# Doctests

## Introduction

Many languages use *docstrings* to include code-specific documentation alongside the code it relates to. Elixir does the same, and the docstring format used by elixir is markdown-derived. This is what goes into the documentation on Hexdocs.

One interesting segment of the per-function docstrings is the inclusion of concrete examples of the use. Evaluating a module definition involves treating the examples as simple test cases and checking them. Any failing examples will produce a warning, and – in Livebook – the results get highlighted as seen in the example below. This provides a guarantee – when no warnings are emitted – of the correctness of the examples.

This is sometimes referred to as *doctests* and can be seen as a form of non-exhaustive unit tests. Elixir does, however, in ExUnit have a fully featured unit testing framework.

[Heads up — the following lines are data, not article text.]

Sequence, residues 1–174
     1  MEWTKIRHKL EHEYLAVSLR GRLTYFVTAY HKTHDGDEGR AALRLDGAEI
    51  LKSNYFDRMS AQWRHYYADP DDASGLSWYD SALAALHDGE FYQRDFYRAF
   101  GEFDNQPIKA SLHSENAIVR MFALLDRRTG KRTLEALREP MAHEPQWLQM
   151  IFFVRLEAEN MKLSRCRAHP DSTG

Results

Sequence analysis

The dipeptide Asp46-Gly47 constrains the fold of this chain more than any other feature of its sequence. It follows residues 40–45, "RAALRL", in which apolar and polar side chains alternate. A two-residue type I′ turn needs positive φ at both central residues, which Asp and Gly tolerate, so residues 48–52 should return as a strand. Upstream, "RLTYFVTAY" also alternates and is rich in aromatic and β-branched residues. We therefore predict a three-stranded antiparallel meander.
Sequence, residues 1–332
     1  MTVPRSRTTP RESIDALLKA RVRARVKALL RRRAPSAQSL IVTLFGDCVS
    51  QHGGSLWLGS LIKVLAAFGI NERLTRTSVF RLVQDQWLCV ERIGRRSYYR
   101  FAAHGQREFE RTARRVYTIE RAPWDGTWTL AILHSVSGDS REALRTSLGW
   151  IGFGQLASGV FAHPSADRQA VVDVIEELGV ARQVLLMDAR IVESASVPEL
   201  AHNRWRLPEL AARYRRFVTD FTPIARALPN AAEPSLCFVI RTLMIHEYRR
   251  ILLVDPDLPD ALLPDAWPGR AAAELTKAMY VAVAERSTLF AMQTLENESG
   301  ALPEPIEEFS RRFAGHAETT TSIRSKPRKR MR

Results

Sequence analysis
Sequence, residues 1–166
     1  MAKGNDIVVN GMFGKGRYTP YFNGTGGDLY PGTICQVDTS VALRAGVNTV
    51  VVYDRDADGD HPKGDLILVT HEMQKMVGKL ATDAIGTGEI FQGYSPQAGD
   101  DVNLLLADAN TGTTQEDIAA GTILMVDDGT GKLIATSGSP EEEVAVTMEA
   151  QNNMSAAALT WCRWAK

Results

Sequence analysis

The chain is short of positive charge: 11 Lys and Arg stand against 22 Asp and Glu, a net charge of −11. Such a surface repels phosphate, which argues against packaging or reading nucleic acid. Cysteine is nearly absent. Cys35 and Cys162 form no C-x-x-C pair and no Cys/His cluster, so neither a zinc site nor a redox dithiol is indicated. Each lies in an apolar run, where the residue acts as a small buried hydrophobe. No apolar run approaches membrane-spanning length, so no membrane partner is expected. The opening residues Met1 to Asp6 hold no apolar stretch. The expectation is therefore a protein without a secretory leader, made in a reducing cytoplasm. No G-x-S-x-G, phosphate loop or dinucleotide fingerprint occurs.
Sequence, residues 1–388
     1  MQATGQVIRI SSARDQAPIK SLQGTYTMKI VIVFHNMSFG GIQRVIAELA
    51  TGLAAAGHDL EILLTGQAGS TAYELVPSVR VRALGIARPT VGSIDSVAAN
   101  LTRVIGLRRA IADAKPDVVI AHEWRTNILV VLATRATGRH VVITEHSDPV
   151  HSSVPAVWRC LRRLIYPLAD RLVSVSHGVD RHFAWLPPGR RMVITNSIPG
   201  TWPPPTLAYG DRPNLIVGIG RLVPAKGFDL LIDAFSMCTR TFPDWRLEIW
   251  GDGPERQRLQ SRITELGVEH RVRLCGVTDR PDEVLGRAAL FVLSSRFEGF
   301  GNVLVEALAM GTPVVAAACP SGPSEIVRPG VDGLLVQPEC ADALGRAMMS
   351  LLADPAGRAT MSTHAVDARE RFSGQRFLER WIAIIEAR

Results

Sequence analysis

## Example

A trivial module with five doctests (one of which is failing):

```
defmodule Math do
@doc """
Returns sum of the furst and the second arguments.
## Examples:
iex> Math.add(1, 2)
3
iex> Math.add(1, -1)
0
iex> Math.add(-1, 1)
1
"""
def add(a, b) do
a + b
end
@doc """
Returns the first argument divided by the second.
## Examples:
iex> Math.div(1, 10)
0.1
iex> Math.div(1, 0)
** (ArithmeticError) bad argument in arithmetic expression
"""
def div(a, b) do
a / b
end
end
```

We can now use the definitions:

`Math.add(1, 1)`

**Note:** If you have evaluating the code cell containing the definition of the `Math`

module and hover your mouse over the “add” text in the above code cell you should see the documentation pop up.